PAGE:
5 Ways to be a Good Friend to a Mom of a Child With a Disability
A few months ago, my best friend invited me to speak to her “Mothers of Pre-Schoolers (MOPS) group on the topic of, “How to be a good friend to a mom of a kiddo with disabilities.”
I was thrilled at the prospect of getting to share on this topic!
Over the years, I have thought a lot about how grateful I am for all of the things (big and small) my close friends have done to be a good friend to me and hang in there with me through all the hard times. My plan was to speak about my own experiences, but I decided it would be a more valuable conversation if I could offer to my audience the perspectives and experiences of several moms of kids with disabilities. So I put a callout on Facebook to all of my “special needs moms” friends and asked them: “What have your friends done over the years to be a good friend to you?”
Based on their responses, I’ve put together my top 5 list of things you can do to be a good friend to a mom of a child with a disability. (Drum roll please….)
5. Teach your kids about my kid.
For several of us, our friend’s kids are the only friends our kid have. This is true in our case. I am so dependent on my friends kids to be Julia’s friend.
It means so much to me to have close friends who have done a good job of talking to their kids about Julia, teaching them about how to be her friend and making them feel comfortable when they are around her.
This means my friends have had all the tough conversations with their kids again and again in order to help them understand and keep Julia fresh in their minds so when they see her, they are more comfortable with embracing her. I can hardly put into words how much this means to us — to have little friends who move towards Julia rather than away. Because out there in the world it can be really tough to be a kid with disabilities and find kids who are comfortable being your friend.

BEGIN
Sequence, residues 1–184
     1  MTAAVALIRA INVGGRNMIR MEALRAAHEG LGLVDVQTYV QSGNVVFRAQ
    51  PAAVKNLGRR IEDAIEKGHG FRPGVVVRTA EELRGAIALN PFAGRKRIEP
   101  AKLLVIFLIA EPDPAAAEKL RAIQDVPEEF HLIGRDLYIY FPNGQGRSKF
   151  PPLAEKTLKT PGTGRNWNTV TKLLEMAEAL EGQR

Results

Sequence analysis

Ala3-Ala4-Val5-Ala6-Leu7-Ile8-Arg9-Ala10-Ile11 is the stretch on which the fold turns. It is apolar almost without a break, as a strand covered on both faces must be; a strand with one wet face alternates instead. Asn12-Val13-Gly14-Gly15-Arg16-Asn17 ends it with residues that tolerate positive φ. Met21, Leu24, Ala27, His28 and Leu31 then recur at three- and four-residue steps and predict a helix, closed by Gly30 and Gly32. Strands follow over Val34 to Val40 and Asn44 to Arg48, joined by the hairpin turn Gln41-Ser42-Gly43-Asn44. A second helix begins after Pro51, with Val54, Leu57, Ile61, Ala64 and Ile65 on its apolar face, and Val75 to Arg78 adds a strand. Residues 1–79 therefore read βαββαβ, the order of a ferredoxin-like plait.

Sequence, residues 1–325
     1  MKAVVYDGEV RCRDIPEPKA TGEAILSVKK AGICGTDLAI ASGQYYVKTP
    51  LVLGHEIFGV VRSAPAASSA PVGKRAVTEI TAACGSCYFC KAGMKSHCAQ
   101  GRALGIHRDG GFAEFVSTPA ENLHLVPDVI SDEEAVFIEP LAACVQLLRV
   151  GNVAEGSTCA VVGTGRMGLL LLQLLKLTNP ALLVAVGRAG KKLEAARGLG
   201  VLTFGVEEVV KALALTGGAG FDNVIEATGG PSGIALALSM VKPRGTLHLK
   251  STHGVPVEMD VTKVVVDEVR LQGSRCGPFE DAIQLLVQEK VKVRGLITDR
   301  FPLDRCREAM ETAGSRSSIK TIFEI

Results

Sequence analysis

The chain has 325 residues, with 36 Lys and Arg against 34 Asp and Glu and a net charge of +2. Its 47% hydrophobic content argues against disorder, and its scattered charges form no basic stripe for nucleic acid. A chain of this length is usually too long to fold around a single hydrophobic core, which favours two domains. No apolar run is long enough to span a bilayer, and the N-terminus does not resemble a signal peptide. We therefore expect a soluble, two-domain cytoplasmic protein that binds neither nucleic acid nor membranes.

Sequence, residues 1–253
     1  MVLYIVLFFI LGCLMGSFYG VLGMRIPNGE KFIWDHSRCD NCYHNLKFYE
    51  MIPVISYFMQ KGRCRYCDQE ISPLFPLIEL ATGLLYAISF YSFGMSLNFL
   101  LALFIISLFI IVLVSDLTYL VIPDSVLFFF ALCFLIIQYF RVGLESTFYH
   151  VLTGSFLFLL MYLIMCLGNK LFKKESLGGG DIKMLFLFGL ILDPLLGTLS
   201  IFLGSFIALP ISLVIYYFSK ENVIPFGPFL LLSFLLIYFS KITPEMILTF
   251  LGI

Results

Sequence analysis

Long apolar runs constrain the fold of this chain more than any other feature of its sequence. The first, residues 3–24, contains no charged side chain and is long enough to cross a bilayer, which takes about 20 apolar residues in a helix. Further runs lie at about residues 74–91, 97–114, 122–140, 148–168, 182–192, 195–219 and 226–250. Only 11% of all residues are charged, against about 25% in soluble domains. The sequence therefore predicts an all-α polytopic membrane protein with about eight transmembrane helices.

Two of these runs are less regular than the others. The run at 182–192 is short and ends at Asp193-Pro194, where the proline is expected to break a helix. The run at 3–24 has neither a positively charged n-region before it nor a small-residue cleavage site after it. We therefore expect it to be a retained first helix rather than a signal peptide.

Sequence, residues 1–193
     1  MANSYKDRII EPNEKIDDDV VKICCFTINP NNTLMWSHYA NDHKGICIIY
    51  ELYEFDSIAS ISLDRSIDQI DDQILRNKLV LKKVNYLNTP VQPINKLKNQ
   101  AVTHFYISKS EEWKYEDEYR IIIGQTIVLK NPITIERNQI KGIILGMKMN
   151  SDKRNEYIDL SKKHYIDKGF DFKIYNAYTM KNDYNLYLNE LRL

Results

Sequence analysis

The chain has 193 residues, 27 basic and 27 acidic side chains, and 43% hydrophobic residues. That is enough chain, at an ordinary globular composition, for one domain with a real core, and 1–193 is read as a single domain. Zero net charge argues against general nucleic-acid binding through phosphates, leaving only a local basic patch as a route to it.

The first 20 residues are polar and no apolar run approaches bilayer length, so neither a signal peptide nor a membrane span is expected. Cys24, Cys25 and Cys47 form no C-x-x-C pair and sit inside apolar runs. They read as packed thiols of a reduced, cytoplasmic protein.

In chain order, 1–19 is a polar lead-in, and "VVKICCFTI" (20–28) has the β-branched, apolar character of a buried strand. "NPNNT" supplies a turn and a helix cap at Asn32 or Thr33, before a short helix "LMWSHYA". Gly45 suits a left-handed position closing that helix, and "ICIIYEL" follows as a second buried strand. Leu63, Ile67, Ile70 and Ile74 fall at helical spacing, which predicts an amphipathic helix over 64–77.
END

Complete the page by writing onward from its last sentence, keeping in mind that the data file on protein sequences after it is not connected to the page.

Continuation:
We need our friend’s kids to be our kid’s friends, so if you will put the work in o helping your kids love my kid, then you have been a really good friend to me.
4. Offer to learn about my kid.
One of the things several moms mentioned in response to my request is that they really appreciate it when friends have asked, “How can I learn more about your kid?” “Is there a book I can read about the diagnosis?” “Is there a video I can watch that will teach me more about what you are working on or going through?”
Friends who want to know more about the nitty gritty of what we are going through stand out to us!
In my own life, I’ve had friends ask, “Can I watch a video of her seizures so that I know what they look like?” “Tell me what to do if I see a seizure so I can help her and you.”
Other moms mentioned it has meant a lot to them when friends offer to learn how to take care of their kid so they can babysit. This means a ton to mom’s like me because most of us aren’t comfortable leaving our kids with hardly anyone because our kids are so complex.
Another mom shared her friends asked her, “What can I do to make my visits less anxiety provoking for your daughter, tell me how I can come over and make it easier on her.”
One more thought on this particular strategy, I’ve found it to be especially touching when a friend has shared with me how they have done something differently because of the impact our family has had on them. Letting us know how our story has impacted your life can really be a boost!
3. Let us know we are not forgotten.